UNBEDINGT LESEN: Challenges and opportunities for the European animation industry – Mapping the Animation Industry in Europe – A publication of the European Audiovisual Observatory

Unbedingt lesen! Eine beachtenswerte 162-seitige Studie, die den Zeitraum bis 2014 ungefähr erfasst!

A new study carried out for the European Commission by the European Audiovisual Observatory, – by Marta Jiménez Pumares, Patrizia Simone, Kevin Deirdre, Laura Ene and Julio Talavera Milla, – finds that while animation films represent 14.7% of overall admissions to European works, European animation only holds 20% of the animation market in Europe. The 44 US films on release indeed accounted for most of the box office for animation that year, whereas Europe leads in terms of the number of productions (107 out of 188 animation films released).

The study Mapping the Animation Industry in Europe points to the fact that among audiovisual programmes, animation is the category with the largest European circulation. Based on data from global, European and national sources, it maps the production and distribution of animation as well as the new challenges and opportunities for this growing European industry. This overview study starts with an examination of animation, production and distribution in the world, in Europe and in individual countries with a double focus on film production and theatrical animation on one hand and TV and VOD production on the other. The second chapter looks at the sector in transition and discusses the challenges that are faced by the European animation industry, the impact of internet on distribution as well as how to enlarge the audience. Other topics dealt with include the role of public funding through direct funding, fiscal incentives and mandatory investments from broadcasters. Finally, the study looks at training and festivals.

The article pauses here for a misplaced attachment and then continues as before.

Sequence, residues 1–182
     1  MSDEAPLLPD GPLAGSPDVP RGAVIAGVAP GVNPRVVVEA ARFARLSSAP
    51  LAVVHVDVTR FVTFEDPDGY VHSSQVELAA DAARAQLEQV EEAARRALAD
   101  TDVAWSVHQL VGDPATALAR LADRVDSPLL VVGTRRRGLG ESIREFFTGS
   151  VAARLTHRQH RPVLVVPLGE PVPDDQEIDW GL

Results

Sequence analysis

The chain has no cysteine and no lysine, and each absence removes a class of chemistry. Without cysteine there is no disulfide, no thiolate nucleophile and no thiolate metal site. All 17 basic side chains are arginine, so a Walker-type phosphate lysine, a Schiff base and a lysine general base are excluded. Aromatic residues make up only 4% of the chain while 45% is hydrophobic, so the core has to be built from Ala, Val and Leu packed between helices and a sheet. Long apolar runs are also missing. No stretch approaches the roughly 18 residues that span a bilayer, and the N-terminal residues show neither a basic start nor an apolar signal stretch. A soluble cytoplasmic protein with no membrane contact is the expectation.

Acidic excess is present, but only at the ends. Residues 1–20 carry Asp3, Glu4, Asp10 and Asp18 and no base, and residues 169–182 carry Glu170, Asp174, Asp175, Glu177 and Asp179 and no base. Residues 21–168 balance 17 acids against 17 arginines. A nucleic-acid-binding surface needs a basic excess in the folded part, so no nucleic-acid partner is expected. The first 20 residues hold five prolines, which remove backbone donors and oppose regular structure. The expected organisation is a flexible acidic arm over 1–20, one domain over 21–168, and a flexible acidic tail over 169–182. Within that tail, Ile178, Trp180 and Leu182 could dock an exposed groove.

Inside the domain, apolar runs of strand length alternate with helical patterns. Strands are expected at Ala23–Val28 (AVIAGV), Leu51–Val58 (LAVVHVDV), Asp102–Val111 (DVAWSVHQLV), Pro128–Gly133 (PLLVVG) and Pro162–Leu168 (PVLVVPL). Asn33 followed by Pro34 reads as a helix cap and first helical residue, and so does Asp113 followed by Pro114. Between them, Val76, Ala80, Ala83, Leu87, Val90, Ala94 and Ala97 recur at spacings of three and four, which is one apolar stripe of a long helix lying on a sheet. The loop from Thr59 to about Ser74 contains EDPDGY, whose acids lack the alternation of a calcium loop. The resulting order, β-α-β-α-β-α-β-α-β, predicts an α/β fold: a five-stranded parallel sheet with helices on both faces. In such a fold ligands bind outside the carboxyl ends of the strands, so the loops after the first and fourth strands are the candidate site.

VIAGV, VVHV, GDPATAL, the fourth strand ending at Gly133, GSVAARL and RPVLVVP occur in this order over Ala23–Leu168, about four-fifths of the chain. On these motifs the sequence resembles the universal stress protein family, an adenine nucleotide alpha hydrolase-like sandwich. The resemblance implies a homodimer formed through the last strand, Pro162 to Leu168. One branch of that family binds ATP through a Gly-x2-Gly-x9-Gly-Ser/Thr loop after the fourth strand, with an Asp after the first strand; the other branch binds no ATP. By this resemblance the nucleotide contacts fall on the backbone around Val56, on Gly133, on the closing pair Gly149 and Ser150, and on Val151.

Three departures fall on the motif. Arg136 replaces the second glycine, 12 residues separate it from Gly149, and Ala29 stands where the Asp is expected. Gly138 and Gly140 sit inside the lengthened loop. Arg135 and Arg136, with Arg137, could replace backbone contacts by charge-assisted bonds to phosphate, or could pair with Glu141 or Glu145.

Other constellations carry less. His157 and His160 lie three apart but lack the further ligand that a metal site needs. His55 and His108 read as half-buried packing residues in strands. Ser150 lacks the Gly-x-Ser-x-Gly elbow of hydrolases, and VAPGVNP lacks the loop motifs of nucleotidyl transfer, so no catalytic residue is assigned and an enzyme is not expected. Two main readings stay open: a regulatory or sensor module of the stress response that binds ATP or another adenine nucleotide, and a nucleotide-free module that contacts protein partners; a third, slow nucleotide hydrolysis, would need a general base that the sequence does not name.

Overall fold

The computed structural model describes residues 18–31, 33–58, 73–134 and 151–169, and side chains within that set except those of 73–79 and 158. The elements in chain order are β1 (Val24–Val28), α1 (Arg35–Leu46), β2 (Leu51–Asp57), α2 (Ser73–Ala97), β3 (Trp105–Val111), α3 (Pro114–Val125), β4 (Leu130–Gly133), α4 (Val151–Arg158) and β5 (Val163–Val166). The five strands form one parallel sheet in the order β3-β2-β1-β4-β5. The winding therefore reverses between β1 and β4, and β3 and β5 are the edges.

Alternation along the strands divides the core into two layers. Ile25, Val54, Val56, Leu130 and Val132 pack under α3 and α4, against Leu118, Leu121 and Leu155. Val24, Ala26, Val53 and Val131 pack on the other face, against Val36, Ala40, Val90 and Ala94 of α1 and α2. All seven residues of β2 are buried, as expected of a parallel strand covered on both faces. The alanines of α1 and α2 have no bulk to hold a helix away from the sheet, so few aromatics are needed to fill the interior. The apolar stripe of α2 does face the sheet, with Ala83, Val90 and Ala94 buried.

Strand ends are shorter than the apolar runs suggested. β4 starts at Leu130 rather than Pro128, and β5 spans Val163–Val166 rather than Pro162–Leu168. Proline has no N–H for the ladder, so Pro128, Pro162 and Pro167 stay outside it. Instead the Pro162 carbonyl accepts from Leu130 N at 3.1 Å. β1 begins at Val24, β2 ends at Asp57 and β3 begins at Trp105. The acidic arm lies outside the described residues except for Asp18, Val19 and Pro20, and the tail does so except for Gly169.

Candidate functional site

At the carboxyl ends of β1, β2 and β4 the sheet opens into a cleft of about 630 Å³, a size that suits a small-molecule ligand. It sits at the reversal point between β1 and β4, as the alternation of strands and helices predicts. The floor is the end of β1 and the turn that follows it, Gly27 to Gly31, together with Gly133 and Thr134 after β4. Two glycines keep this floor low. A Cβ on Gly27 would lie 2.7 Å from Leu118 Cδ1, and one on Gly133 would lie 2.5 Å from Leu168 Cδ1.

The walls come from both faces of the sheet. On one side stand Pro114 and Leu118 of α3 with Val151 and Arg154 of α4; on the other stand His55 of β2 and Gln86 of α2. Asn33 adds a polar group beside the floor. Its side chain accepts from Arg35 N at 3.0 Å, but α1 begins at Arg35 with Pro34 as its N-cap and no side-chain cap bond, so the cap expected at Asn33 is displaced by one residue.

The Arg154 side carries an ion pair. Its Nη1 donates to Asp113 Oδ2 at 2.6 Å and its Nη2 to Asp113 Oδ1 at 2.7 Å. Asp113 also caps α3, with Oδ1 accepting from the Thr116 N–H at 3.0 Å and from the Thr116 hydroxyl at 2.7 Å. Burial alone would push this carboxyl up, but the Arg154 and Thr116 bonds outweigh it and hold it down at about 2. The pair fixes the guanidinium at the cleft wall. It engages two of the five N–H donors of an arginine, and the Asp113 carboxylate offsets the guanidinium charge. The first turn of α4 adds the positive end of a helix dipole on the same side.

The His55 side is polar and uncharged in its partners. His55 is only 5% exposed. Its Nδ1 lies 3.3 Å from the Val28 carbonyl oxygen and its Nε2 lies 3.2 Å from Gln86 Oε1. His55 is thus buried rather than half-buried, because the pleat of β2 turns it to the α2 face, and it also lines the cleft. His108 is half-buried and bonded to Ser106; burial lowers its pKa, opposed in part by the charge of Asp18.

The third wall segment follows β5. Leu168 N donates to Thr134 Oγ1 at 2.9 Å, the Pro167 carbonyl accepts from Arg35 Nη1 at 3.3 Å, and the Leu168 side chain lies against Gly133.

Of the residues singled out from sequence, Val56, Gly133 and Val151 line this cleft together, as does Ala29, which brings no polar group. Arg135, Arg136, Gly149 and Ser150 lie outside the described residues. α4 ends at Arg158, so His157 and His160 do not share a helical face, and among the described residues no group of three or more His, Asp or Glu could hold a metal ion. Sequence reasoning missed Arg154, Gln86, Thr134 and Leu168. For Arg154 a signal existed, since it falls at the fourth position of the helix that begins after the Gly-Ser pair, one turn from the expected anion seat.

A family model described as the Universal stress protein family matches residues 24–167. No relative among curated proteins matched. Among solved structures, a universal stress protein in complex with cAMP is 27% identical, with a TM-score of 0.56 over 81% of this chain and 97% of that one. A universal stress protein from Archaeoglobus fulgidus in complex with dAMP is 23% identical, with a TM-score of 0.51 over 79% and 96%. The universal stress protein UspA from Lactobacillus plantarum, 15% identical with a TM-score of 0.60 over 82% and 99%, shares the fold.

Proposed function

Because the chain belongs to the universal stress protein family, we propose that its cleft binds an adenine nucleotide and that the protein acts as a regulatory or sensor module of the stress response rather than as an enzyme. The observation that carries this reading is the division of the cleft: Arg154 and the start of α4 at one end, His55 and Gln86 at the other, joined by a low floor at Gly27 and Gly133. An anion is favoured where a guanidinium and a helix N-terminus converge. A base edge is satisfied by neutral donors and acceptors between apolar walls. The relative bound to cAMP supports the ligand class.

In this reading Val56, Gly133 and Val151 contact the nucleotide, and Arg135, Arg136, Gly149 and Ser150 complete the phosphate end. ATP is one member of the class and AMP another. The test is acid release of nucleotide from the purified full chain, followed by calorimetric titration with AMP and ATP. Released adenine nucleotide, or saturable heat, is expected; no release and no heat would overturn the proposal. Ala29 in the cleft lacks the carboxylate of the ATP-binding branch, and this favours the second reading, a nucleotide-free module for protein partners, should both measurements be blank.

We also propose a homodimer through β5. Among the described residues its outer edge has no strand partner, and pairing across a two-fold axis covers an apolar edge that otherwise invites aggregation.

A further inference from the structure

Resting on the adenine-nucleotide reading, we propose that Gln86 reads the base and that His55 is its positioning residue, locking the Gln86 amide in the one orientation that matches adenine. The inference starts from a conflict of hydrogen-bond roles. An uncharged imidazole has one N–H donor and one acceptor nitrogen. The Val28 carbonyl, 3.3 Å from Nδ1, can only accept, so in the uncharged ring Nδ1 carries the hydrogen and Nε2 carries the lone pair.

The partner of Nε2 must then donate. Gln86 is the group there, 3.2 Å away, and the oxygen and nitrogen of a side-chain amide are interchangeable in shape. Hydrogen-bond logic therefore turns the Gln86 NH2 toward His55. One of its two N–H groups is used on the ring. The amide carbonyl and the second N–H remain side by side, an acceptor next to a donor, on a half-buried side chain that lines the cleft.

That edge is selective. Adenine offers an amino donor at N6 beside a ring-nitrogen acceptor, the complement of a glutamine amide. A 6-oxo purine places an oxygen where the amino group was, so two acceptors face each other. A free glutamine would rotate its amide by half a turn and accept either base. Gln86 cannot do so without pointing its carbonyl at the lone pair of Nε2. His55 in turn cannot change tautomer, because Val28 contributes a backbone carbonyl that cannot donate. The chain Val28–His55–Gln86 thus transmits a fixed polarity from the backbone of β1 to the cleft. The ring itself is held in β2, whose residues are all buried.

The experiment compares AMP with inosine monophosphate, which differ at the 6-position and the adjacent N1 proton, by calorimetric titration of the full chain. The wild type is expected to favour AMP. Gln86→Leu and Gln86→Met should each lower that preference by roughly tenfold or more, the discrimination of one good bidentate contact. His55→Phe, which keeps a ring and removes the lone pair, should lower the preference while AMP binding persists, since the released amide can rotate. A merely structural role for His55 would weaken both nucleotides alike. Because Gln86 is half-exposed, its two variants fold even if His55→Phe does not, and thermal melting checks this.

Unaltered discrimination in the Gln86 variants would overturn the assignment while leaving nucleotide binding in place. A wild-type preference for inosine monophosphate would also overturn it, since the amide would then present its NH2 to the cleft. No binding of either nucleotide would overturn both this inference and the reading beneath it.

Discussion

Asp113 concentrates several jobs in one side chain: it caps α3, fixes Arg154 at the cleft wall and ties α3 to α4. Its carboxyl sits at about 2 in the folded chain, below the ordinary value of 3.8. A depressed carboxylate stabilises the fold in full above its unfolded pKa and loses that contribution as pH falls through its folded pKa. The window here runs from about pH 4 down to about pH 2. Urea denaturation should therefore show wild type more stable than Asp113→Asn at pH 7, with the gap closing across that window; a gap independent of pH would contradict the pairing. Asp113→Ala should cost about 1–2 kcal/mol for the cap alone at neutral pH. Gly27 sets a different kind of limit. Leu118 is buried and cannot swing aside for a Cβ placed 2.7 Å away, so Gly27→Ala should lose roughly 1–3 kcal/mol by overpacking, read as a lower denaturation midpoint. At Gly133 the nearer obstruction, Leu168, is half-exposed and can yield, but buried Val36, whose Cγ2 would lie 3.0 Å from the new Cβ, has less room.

This work follows the first study Focus on Animation also carried out by European Audiovisual Observatory, and which outlined the first results of this largest project to map the animation industry in Europe.